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Paris Smith Deserves a Wider Audience


          Chicago’s Paris Smith, deserves a wider audience. Smith has developed into a mature writer/artist who has found his voice, milieu, and motifs since the publication of his other short story collections, Subterranean Tales in 2000, and Shadow Worlds in 2001. Smith is from Chicago’s Southside and in many ways has picked up the themes of proletarian literature where another Chicago writer, Richard Wright, left off. His work was recently acclaimed by literary critic Barbra Foley in an essay that appeared in Struggle magazine as well as the online cultural web site, Reconstruction.
            The stories in the current collection, Undercurrents include: “Golden” one of the most touching and hopeful stories in the compilation features a young man, Marcus, working in a nursing home who is struggling with a typical working class life trying to survive both economically and spiritually. Marcus meets one of the residents, Archie, an old man who is near death. Their meeting results in Marcus experiencing an epiphany that causes him to struggle on to try to make a real life for himself.
            “Blood of Saints and Martyrs” was probably my favorite story with its curious blend of the description of the absolute poverty of Diane Hutchins, an AIDS victim, and evocative portrait of the crackdown on civil rights we all have experienced since the 9/11 attack on the World Trade Center. This is a tale of intrigue and double-cross with an incredible ending.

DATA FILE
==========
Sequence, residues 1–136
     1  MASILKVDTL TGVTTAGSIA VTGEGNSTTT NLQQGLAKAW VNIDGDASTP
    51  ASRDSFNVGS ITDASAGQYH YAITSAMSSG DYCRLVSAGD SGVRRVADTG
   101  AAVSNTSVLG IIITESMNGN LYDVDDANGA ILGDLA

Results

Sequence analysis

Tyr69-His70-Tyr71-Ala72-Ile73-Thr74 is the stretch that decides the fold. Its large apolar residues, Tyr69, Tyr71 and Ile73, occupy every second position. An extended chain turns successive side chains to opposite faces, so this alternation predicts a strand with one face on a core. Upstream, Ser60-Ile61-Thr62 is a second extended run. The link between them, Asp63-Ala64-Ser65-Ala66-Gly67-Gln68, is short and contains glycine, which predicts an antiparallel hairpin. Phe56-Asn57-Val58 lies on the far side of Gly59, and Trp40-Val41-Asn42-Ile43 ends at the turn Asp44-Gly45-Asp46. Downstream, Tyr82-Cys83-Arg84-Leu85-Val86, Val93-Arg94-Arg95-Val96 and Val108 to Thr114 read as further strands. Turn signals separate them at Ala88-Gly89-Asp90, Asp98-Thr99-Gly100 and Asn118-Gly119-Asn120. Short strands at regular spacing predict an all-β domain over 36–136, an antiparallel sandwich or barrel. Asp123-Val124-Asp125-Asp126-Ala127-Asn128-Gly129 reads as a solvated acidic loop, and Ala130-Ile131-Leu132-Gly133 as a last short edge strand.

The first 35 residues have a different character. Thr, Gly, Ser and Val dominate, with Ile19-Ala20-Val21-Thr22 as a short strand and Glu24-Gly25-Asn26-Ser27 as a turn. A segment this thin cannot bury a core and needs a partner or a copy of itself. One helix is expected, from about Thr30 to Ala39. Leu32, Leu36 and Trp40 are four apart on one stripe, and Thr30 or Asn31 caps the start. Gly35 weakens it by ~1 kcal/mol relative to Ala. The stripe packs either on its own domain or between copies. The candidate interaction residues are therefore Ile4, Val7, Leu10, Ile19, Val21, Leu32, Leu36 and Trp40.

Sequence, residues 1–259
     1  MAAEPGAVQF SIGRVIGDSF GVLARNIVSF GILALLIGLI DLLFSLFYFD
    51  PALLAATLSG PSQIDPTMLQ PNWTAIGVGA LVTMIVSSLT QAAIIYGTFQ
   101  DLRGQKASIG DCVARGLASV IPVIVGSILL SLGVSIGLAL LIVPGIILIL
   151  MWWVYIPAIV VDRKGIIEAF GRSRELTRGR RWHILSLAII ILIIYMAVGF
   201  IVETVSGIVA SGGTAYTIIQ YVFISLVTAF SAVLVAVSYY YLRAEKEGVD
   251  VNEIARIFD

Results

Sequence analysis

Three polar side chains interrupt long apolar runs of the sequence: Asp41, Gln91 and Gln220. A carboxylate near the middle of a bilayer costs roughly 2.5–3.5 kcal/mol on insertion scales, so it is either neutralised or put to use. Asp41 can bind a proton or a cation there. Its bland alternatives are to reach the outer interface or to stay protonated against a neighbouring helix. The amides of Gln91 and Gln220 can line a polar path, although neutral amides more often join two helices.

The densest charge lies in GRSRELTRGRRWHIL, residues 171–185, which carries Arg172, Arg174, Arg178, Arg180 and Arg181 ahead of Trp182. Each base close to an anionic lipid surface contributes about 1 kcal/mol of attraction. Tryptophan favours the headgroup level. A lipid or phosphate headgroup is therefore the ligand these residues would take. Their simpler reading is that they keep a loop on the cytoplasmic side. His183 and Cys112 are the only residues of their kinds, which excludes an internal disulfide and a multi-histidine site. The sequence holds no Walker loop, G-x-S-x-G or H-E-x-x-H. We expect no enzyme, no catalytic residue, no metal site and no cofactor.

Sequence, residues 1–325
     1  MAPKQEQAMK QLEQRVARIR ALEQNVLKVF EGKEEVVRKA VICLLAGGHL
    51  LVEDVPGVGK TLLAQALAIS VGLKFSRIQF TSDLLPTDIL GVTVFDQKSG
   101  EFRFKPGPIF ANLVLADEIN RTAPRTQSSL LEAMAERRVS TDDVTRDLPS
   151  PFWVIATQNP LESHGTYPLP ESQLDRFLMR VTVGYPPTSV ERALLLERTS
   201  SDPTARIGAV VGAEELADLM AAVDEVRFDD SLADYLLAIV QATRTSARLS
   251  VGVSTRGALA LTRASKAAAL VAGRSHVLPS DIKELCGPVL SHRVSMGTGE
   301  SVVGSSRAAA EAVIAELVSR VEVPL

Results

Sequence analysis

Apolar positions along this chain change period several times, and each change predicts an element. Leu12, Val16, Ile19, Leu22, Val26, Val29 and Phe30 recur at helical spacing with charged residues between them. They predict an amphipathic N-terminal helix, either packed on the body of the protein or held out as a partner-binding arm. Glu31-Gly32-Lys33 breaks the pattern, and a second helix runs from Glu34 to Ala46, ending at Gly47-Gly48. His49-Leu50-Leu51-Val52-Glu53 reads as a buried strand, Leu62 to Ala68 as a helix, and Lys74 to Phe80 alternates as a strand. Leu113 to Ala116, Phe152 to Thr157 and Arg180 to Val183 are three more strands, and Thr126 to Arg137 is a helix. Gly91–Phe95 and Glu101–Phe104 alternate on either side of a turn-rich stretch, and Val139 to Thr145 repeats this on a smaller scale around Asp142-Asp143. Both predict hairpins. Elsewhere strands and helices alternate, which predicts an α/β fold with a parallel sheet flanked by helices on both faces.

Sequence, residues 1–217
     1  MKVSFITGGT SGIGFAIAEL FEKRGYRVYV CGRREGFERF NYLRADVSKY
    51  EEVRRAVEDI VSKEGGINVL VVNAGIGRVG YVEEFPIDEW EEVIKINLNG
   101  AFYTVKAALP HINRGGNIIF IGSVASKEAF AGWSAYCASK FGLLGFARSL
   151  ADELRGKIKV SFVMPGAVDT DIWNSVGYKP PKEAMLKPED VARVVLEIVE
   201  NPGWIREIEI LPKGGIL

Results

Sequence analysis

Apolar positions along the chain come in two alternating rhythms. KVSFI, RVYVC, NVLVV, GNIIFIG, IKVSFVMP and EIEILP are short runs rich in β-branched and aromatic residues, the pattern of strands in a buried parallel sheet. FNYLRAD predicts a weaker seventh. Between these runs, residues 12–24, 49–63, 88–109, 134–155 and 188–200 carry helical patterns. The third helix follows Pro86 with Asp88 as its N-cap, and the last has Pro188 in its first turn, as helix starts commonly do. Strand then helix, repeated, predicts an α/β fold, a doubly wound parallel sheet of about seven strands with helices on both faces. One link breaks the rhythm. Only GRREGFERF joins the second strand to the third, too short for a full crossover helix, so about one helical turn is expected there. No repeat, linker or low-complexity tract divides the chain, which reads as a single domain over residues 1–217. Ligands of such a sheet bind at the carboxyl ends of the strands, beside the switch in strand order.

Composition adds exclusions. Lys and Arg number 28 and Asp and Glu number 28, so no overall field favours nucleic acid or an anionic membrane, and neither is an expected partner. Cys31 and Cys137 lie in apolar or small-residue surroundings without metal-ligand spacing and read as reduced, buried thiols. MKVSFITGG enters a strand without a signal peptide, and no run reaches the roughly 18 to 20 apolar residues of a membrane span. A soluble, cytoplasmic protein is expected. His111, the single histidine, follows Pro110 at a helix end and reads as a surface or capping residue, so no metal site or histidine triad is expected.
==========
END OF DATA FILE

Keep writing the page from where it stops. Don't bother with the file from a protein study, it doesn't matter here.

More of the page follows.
Smith’s relentless use of third person narration in most of the stories realistically delves into his characters’ social past including their families and frames this against the backdrop of Chicago’s Southside where contemporary capitalism first failed with the African American population long before going on to fail for the whole population. “Christmas Dick” follows this formula into unrelenting tragedy, where grinding poverty changes people and causes them to do things they never intended or thought that they would do.
            Another motif that runs through Smith’s work is the liberation of the soul via music. “Music in the Air” follows the same path of some of his earlier works that always involve Chicago’s magnificent parks and have an ethereal, unearthly spiritual quality to them. Smith is also a musician and his work can be heard on the music CD, "the New Composeres Ensemble: 53rd Street Ghost."
           Althought Undercurrents can be read as proletarian literature, it's a lot more than that. Like another Chicago author, Saul Bellow, Smith has mastered the universe of the paragraph, swifty evoking his characters and background. Do yourself a favor and check out this deserving Chicago writer. Undercurrents is available at Amazon.com

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